Updated: Nov 19
Despite the value of developing a strong team, many businesses and individual leaders have trouble reaching this objective. Why?
Let's examine the first of three of the most typical obstacles:
Obstacle #1 – Leaders Don't Go Above and Beyond What They Believe is Necessary:
Most leaders do not take pleasure in the process of recruitment, and this dissatisfaction can have serious repercussions if it is not addressed. When recruiting is seen as a required but undesirable activity, the result is typically a reactive approach to the process. They tend to wait until they have a staffing vacancy before they start scrambling to find a candidate, and when they do so, they frequently do not have sufficient time or resources to do it efficiently. This strategy, which is reactive, might result in an increased workload, additional stress, and, eventually, the employment of someone who is not a good fit for the firm or who does not possess the abilities necessary to accomplish the position effectively.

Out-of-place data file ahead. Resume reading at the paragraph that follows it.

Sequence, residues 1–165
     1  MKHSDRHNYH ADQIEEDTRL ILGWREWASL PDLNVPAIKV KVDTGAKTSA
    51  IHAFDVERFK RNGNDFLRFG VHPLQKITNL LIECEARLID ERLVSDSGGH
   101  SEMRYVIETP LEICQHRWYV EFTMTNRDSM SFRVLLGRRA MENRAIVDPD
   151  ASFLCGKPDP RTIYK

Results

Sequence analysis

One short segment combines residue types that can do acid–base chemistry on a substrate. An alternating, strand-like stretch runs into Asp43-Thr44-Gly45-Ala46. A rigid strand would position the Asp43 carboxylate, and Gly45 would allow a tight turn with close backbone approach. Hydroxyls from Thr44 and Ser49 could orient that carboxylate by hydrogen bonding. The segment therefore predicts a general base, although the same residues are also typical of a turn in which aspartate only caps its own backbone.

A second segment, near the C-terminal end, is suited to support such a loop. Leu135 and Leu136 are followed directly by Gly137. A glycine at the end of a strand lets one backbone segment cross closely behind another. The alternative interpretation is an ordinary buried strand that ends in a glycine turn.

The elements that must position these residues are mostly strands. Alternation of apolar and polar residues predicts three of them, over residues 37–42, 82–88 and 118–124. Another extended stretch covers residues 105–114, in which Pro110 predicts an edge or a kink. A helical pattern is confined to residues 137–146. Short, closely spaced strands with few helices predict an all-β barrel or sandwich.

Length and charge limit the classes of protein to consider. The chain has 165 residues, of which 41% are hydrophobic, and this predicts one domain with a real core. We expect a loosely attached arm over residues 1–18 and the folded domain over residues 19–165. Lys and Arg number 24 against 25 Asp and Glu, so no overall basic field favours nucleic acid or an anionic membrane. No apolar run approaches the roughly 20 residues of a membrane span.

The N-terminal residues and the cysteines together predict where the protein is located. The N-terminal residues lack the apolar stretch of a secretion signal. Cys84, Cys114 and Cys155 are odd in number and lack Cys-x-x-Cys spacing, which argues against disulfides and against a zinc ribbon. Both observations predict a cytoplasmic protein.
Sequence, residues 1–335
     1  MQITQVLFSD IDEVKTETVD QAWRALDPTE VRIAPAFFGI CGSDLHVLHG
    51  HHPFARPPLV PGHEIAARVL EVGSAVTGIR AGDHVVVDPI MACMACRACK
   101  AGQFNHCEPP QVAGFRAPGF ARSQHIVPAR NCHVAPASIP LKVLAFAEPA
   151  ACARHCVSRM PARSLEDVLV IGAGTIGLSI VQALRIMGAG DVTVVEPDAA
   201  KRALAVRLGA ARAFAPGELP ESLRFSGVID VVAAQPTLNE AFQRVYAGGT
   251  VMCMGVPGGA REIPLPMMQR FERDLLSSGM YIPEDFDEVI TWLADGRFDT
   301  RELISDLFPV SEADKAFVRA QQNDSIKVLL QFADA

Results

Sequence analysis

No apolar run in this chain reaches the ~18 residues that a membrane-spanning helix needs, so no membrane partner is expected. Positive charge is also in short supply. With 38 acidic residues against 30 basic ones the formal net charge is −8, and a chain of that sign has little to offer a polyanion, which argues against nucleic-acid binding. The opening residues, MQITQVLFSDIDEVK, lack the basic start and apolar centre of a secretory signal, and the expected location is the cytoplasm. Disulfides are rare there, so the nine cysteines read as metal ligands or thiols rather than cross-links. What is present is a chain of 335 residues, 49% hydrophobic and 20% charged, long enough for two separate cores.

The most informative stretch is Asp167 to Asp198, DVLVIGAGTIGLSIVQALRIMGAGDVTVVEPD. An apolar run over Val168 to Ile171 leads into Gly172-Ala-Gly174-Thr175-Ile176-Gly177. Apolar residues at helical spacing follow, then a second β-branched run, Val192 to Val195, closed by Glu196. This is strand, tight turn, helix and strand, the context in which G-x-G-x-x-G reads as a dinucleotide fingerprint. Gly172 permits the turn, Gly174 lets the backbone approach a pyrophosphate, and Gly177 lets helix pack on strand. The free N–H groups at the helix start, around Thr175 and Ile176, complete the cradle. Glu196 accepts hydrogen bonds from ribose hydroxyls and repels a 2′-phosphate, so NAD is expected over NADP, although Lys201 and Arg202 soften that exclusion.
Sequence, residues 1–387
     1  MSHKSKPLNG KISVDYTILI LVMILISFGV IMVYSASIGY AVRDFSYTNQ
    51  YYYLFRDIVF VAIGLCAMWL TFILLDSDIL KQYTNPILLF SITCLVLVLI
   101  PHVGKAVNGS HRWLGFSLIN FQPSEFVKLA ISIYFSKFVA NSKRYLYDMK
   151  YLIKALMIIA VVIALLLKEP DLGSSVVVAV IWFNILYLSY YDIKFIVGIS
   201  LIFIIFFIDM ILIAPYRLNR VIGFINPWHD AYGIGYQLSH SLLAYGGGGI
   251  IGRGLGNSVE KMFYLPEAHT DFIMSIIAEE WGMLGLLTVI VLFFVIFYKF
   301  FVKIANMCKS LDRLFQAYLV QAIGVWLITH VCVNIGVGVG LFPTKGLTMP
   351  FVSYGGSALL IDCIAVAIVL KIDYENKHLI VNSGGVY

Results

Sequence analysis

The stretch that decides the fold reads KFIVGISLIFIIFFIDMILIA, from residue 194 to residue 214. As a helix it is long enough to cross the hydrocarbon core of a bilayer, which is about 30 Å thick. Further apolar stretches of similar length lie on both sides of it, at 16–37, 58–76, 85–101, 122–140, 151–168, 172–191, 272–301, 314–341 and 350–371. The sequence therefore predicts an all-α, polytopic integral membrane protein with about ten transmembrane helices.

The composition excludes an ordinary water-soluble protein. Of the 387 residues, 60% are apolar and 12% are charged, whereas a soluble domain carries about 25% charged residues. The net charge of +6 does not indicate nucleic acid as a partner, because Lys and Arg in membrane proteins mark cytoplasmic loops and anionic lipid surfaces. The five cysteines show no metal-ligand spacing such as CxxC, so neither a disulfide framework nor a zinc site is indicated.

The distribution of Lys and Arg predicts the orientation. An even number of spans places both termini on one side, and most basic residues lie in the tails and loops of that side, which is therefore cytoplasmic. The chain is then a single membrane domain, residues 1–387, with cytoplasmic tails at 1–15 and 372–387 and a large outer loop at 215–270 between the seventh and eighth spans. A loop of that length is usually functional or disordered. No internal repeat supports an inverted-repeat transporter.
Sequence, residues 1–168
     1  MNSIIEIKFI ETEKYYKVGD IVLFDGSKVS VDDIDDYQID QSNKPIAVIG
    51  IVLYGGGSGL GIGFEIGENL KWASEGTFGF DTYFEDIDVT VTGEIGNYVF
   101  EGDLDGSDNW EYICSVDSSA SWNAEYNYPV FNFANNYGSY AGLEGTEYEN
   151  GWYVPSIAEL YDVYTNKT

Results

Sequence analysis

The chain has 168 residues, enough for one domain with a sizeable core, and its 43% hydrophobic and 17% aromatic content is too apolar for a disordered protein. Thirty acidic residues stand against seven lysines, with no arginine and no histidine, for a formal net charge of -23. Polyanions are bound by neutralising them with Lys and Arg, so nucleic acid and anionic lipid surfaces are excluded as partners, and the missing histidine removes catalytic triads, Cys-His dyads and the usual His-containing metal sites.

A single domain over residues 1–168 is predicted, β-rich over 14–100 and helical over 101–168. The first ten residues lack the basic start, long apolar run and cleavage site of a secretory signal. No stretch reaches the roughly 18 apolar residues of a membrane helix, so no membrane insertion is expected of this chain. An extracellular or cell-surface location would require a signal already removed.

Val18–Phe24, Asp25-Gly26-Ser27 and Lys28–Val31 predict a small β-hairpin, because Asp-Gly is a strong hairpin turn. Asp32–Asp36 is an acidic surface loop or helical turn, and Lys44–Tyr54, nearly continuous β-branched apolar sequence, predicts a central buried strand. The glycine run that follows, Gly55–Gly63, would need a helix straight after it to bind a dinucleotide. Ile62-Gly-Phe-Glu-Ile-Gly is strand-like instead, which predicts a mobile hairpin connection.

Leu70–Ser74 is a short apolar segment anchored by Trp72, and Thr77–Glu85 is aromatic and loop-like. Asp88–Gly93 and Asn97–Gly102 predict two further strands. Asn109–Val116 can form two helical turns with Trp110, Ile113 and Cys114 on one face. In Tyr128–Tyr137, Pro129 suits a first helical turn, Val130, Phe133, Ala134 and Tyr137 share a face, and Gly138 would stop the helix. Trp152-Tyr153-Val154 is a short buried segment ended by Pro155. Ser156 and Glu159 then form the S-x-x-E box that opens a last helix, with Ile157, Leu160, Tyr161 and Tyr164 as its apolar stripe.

The mindset that viewing recruitment as a necessary evil can limit opportunities. Recruiting is an essential process for any organization. If recruiting is perceived as a duty rather than a chance to bring in new talent and views, then the focus will be on filling the gap rather than evaluating new ideas and methods. Recruiting can be seen as an opportunity to bring in new talent and perspectives. Leaders who have a vision of a stronger future team and who view recruiting as an opportunity are much more likely to be aggressive and innovative in their search for candidates. This is because they see recruiting as an opportunity to build a better team.
The Law of Least Resistance:
The Law of Least Resistance states that energy, actions, or individuals tend to follow the path that requires the least effort, offers the least resistance, or provides immediate gratification. It is a principle observed in physics, psychology, social sciences, and business practices. It explains behaviors and outcomes in different systems.
The law of least resistance isn't always a bad thing. It aids in preventing us from squandering more time and effort than is required. The issue arises when we fail to recognize those instances in which the right or correct course of action is the least evident one and may call for a more comprehensive or assertive approach.